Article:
this.activatedRoute.params.subscribe((params) =>

The ActivatedRoute has a params Observable. We can subscribe to it, and when it resolves we can access the values. The params object sent to the subscribe function is just an object:

It is a collection of name value pairs and we can access our value using params.value.

Option 2: paramMap

The second option is to access the paramMap. This is also done in the ngOnInit() method against the activatedRoute:

this.activatedRoute.paramMap.subscribe((params ) =>

paramMap is an observable that resolves to a paramMap. Instead of a generic object, it uses the JavaScript map:

Using a map is a more modern, or ES6, way to handle things instead of using a generic object. The map is better suited for a collection of key value pairs, because it provides an API for accessing values instead of something easily changed.

Option 3: Router Snapshot

The final option I'll show today is to access the snapshot of the activated route. The snapshot mirrors a lot of similar properties to the ActivatedRoute. The main difference is that the snapshot is the route's values at a certain moment in time, whereas the activatedRoute is not. That is why the params, or paramMap, are Observables in the ActivatedRoute, but actual values in the snapshot.

Access the params on the value like this:


You'll see something like this:

You can also get at the paramMap, value:


You'll see something like this:

Overall, this is similar to using the Observables, except without the Observable part. When accessing the activatedRoute in the ngOnInit, the snapshot should be identical. But, if you need to access something from an unrelated route, or are in the process of switching routes, that is why you'd access the snapshot.

How do you check if a URL variable exists?

When I envisioned this post, I thought I'd write about how to tell if a URL variable exists, but I realized the meat of the post was about finding and accessing the URL variables. If you need to check to see if a value exists, I recommend using the paramMap. For a value that does exist:

if (params.has('value')) {
console.log('it has value');
} else {
console.log('No value');

And for a value that won't exist in our demo:

if (params.has('noValue')) {
console.log('it has a novalue');
} else {
console.log('No noValue exists');

We use the has() function the params map to check for the existence of the key.

Final Thoughts

Don't forget to grab the code behind this post for runnable samples.

I'm not sure why there are so many ways to get at this data; my preference is to use the paramMap. What about you?

How do I use a set method to access an conditionally created ViewChild in Angular?

In last week's post I spoke about the problems accessing an Angular ViewChild if it is conditionally created using *ngIf. The solution I proposed there was to use the hidden directive instead of *ngIf. This works, but the caveat is that the child is always created as part of the DOM even if it is not always displayed. I wanted to do another post, providing a different approach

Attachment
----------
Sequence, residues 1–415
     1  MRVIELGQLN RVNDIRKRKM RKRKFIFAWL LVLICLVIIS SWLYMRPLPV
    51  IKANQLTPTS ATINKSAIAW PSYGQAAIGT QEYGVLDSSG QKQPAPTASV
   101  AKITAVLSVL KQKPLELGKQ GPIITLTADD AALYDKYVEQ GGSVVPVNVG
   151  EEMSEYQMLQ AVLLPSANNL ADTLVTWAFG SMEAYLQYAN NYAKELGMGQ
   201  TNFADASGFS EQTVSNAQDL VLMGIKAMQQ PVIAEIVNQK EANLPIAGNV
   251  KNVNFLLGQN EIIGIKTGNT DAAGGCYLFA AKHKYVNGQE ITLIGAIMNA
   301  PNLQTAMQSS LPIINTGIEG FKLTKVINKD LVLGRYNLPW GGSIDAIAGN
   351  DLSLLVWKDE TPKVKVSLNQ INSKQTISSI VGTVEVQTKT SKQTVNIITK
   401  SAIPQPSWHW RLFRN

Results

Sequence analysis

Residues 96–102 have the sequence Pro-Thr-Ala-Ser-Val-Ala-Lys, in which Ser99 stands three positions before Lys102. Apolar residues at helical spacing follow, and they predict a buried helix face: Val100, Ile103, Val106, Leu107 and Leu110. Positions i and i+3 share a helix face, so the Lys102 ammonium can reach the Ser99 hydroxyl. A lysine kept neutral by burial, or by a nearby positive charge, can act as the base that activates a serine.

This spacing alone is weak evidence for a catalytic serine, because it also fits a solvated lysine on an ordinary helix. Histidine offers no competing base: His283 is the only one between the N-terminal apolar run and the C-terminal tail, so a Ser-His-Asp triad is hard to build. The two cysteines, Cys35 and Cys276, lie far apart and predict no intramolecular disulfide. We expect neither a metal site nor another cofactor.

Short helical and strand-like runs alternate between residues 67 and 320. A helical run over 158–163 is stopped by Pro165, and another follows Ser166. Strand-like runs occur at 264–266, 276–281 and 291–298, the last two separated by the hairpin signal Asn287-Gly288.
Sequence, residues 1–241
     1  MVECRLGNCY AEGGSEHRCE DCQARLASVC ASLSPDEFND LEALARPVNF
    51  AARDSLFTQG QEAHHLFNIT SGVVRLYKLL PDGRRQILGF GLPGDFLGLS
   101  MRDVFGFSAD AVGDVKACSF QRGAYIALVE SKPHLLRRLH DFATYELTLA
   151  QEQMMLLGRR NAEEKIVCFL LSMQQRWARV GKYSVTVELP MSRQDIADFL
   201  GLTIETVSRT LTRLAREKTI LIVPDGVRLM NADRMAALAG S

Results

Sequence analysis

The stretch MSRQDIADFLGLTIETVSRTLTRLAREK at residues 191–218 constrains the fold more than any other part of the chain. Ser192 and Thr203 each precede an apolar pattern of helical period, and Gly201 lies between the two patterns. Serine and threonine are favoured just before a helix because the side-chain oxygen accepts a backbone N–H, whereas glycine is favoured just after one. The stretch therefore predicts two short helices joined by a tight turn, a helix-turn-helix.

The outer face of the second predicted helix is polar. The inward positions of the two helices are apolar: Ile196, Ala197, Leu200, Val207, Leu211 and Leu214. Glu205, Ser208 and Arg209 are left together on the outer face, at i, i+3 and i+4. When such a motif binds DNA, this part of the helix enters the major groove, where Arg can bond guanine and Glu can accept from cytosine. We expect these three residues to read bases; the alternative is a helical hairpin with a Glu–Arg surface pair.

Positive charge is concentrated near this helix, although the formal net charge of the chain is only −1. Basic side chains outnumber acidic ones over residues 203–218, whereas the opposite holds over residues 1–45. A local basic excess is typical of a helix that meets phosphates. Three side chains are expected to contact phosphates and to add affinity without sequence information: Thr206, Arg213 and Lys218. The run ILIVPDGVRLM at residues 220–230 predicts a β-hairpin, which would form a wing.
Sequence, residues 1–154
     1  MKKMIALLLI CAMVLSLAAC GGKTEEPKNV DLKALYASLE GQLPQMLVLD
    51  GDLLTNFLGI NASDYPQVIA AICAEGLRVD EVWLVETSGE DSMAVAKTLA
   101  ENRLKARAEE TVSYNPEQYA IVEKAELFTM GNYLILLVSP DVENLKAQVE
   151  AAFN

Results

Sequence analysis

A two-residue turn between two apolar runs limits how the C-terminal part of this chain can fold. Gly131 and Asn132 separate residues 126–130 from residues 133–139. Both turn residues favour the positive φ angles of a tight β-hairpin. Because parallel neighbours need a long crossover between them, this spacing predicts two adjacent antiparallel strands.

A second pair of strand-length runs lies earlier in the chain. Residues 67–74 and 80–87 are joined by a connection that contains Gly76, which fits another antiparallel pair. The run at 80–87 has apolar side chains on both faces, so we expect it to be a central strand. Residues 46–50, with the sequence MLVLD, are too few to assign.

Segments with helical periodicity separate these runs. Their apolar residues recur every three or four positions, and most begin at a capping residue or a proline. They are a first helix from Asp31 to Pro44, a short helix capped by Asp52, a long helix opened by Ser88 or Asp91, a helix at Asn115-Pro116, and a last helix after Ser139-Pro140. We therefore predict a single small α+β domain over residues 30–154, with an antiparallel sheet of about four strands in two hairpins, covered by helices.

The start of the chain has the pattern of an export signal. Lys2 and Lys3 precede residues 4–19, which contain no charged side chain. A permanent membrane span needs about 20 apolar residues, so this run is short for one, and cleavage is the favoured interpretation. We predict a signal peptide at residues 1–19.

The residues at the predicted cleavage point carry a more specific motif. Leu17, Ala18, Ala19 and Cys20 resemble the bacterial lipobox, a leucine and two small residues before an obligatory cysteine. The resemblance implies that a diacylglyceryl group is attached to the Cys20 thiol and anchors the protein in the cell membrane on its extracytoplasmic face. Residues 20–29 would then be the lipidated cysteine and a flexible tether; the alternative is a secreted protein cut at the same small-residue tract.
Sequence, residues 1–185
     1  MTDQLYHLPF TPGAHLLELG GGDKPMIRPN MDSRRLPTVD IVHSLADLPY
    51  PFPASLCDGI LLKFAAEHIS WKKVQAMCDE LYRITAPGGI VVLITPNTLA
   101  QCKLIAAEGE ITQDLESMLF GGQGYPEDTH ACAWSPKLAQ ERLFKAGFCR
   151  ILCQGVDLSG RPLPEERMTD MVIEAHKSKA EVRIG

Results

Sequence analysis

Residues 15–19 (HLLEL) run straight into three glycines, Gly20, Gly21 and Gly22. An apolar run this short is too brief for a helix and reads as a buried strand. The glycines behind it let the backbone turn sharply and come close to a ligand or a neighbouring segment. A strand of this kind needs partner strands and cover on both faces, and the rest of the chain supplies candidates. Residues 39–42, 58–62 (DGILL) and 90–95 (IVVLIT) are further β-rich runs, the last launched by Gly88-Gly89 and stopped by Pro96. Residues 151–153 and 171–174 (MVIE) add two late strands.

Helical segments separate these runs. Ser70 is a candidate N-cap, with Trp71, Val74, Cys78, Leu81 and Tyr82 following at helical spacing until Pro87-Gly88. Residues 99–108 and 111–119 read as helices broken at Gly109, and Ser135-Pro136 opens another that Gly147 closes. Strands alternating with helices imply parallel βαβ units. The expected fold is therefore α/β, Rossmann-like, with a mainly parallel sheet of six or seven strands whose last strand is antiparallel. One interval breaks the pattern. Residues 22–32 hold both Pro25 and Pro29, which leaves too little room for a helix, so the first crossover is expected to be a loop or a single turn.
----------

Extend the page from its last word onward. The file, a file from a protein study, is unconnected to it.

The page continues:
The Setup

I'm going to modify the same application I built last time. It was a simple application created with the Angular CLI and I added one child component. You can get the full code here.

Creating the View

This time, I'm adding a third sample to the app.component.html template:

<button (click)="child3Hidden = !child3Hidden">Toggle Sample 3 Visibility</button>
Value Passed into Child: <input type="text" (keyup)="onSample3Change($event)" />
<app-view1 #child3 *ngIf="!child3Hidden" ></app-view1>

It uses a value, child3Hidden, to toggle the visibility of the child. Create that in app.component.ts:

child3Hidden = true;

There is an input which is used to change the input value for our app-view1 component:

onSample3Change(event) {
this.child3.value = event.currentTarget.value;

This just takes the text input from the AppComponent view and passes it to the ViewChildReference. This is all a similar setup to what we've seen before.

The Problem

Since this ViewChild is conditionally created with *ngIf we cannot access it inside the ngOnInit() and will get an error. The ngOnInit() is like this:

ngOnInit() {

You'll see something like this:

Just an error because the default state of the ViewChild is undefined.

A Solution

Instead of trying to access the ViewChild inside of ngOnInit() we can define the child using get and set methods, like this:

set child3(value: View1Component) {
this._child3 = value;
get child3(): View1Component {
return this._child3;

Whatever code we want to run in ngOnInit() can be run in the set method, which will get toggled every time the child is created or destroyed. I clicked the button a bunch of times to show you the output:

It is an alternate solution, which works pretty well. The trick part is that whenever you access the ViewChild you'll have to do an undefined check with this approach, something you would not have to do if it were hidden.

Get can get the full code here.

How to Access a Conditionally Created @ViewChild in Angular ngOnInit?

I've been working on an application using Dragula for drag and drop, and dom-autoscroller for scrolling while dragging.